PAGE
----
Avoiding Real Life Word Vomit

These last couple weeks I’ve been a hypomanic mess. No catastrophes of screaming in parked cars or spiraling into some horrible disfigured version of a panic attack that is incapable of being photographed into sympathy. Luckily no one has made me the rabid poster monster of some gruesome zombie asylum first person shooter video game. Yet there have been moments in crowds where I can hear every swallow of spit and feel the coldness radiating from their palms while their existence buzzes like an electron clouds. Entire afternoons wishing I had any ability to chemically inebriate the boiling concrete solidifying and melting continuously right beneath my ears. Yet this has been the first time in a long time that I feel like I’ve had my brain back, where I can listen intently to a lecture and put connections together. Creativity is on a lovely honeymoon with intellect. Absurdly enough I’ve started trying to write a novel again.

Every hint of possible failure paralyzes me none the less. I can’t help but remember that it was only nearly a year ago that I attempted suicide. I don’t feel suicidal. I don’t even have depression’s hotel or room number. But remembering those times is like lightly touching the top of the water and feeling the velvet pressure undulate in saran wrap delicacy. The dangerous thoughts do not reverberate through me but there are quiet whispers that remind me.

You were not meant to live. You should have died with the last overdose. You aren’t doing enough with your life. You still can’t love other people. You aren’t smart enough for grad school. You are a burden to everyone around you. You deserve to eternally suffer in a mental ward. You can’t ever have a normal life. It’s only a matter of time before you try to kill yourself again or are hospitalized again.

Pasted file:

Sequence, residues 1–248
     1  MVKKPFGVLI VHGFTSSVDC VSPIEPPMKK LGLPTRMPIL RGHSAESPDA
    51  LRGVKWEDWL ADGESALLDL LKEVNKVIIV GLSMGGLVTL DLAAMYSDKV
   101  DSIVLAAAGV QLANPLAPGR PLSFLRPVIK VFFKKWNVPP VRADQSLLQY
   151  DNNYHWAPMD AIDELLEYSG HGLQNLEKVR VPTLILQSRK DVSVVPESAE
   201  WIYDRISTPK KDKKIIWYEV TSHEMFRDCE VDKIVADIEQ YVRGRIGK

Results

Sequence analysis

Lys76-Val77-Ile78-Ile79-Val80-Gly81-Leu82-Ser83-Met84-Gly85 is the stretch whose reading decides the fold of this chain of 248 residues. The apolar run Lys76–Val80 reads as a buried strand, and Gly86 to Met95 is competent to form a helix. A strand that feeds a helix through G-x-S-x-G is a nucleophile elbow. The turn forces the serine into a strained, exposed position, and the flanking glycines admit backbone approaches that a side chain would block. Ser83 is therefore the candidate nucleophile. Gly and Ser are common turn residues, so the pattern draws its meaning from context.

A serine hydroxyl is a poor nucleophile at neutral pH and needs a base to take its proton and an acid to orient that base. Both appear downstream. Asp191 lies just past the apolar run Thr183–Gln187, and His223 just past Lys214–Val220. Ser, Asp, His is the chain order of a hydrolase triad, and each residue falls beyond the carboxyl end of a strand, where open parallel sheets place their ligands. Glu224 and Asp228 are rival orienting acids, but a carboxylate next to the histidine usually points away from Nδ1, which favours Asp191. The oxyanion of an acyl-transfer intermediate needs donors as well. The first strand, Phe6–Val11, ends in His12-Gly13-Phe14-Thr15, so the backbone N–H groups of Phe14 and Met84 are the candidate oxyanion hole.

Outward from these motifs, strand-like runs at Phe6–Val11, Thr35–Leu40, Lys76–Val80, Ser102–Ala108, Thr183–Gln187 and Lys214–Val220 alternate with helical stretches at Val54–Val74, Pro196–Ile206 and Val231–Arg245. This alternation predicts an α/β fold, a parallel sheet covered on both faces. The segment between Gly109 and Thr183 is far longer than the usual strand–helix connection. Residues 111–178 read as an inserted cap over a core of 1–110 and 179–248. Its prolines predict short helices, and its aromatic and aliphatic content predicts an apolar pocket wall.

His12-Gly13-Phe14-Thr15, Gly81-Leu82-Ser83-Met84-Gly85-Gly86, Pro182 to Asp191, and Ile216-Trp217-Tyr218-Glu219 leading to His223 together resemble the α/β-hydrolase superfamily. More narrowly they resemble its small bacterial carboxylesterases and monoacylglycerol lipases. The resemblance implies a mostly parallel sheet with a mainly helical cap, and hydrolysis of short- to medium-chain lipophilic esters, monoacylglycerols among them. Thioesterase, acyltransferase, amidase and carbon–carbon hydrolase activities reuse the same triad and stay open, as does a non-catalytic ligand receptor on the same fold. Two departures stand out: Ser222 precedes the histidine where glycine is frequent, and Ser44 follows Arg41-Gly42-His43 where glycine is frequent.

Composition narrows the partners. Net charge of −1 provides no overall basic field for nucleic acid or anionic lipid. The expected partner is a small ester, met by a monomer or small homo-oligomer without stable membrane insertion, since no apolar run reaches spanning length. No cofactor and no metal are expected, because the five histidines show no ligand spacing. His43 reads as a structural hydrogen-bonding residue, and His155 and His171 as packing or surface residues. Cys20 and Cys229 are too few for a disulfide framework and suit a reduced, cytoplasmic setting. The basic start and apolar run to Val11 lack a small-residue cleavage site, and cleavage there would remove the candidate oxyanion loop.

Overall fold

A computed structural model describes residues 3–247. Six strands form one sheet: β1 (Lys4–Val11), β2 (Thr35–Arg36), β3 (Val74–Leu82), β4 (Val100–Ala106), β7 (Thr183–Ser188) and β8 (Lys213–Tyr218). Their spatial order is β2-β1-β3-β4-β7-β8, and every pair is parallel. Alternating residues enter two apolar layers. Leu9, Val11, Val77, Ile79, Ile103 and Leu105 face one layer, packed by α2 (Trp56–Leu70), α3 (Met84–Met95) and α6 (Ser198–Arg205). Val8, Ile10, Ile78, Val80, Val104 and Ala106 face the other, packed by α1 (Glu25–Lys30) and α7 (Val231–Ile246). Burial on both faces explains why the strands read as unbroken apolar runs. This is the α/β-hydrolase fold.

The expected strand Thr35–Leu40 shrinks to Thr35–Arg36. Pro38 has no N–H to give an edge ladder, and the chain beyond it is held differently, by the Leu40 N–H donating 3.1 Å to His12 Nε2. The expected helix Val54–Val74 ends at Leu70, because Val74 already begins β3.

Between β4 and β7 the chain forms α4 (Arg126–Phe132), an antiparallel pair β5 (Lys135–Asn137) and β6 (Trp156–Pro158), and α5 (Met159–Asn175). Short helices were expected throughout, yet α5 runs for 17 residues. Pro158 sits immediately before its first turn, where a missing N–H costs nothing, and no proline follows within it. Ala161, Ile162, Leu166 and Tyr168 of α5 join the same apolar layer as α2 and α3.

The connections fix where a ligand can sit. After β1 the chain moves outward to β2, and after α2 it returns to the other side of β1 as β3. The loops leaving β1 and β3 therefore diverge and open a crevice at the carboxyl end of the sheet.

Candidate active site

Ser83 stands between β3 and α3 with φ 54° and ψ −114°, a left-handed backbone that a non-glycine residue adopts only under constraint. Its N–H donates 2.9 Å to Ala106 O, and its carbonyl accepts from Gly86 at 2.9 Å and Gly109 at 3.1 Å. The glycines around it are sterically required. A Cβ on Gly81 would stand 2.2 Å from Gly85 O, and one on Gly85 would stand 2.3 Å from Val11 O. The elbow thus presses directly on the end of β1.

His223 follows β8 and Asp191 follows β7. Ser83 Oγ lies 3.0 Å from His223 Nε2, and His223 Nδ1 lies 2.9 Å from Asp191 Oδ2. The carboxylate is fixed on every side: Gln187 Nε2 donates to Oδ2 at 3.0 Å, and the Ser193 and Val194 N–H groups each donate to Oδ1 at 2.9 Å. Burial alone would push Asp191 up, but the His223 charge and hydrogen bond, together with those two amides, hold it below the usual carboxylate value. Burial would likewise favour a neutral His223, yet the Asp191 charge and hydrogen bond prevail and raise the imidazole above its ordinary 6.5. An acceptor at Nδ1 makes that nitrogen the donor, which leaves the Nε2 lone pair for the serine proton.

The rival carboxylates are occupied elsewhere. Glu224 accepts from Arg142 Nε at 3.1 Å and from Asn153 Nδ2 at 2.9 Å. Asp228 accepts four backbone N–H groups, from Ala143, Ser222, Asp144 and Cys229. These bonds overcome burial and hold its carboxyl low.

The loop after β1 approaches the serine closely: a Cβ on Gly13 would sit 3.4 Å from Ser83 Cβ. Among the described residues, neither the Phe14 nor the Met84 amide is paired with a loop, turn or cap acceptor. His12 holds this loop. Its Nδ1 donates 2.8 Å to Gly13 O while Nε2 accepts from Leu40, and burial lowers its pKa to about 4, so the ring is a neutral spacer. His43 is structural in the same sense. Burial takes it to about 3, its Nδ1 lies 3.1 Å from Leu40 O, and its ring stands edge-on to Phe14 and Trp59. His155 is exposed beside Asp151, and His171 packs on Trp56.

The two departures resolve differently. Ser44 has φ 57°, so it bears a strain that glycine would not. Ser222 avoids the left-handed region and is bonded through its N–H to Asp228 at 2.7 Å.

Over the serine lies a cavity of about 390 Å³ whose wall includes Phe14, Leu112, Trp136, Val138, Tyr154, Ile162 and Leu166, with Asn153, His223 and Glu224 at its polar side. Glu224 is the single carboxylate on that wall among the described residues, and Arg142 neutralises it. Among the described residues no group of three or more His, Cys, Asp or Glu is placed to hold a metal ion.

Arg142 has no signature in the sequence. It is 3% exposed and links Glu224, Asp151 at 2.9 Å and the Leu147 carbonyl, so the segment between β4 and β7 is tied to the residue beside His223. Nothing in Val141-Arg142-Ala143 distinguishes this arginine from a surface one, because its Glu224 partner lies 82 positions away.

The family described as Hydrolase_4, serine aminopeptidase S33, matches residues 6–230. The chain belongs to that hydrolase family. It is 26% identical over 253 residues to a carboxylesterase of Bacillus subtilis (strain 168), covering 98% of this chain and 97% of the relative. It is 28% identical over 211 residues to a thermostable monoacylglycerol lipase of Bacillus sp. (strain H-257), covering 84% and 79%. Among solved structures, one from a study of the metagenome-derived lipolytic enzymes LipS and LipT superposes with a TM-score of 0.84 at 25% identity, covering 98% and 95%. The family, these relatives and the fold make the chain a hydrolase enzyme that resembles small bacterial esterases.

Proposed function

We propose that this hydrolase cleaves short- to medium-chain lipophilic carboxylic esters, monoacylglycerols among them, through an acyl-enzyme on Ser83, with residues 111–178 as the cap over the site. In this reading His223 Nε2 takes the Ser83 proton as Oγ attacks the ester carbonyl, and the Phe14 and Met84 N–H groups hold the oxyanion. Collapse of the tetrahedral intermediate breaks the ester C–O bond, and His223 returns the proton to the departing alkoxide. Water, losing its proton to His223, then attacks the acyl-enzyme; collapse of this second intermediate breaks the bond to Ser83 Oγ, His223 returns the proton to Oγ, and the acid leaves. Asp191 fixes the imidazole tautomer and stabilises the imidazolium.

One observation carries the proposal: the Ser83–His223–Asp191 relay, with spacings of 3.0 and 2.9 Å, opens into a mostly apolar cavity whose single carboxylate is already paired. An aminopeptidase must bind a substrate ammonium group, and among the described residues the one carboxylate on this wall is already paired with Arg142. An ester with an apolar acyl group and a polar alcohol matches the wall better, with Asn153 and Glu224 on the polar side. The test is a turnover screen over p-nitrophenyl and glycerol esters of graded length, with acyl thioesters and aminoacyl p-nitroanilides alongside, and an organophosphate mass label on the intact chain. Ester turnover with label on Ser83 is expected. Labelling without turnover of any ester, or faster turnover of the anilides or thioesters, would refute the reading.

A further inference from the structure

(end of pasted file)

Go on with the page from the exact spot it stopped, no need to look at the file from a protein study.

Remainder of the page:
And I want to talk about my fears but no one in this city is at the point of emotional trust that I can safely talk with. Sure people know I have bipolar but there’s a completely different dynamic required to casually discuss mental illness.

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Good interaction

Me: Yeah I’ve been freaking out lately thinking about how I tried to kill myself last year and how precarious life is in general. But like I know all of this stuff is unreasonable so it’s mainly just wanting to talk to some one about it.

Them: That’s super shitty. The guilt with that stuff can really wreck havoc. I know you’re not going to kill yourself and I’m glad you could talk to me about this stuff.

Me: Thanks I really appreciate it.

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Most probable interaction

Me: So I don’t want you to worry and I don’t want you to freak out. I know I haven’t shared a lot about my experience with bipolar but last year I tried to- attempted to take my life. And it was a really awful time and things aren’t like that at all now. So many things have changed since then. Which makes explaining this kind of hard but a part me remembers that experience very vividly and knowing that I’ve been there before makes me scared that I’ll go back there again. I know this is really oversharing and I’m sorry but it is something that has really been bothering me. I’m so sorry. Thank you for listening.

Them: Uhhhhhhhh yeah. No problem. Slow crawl into a subject change with at least one minimally invasive question…

And I don’t blame them. It’s like trying to get change for a hundred dollar bill at a pop up fruit stand on the side of the road. Neither party is well equipped for the exchange.

The problem that arises then is trying to compartmentalize all parts of my new life away from the old one. The neurotic tendencies don’t go away though, it just translates into me trying to turn everything into a joke, or heaps of irritability, and an almost obsessive longing to have anyone look me in the face and comfort you. These days it takes all my emotional energy to hide my present and past mental state.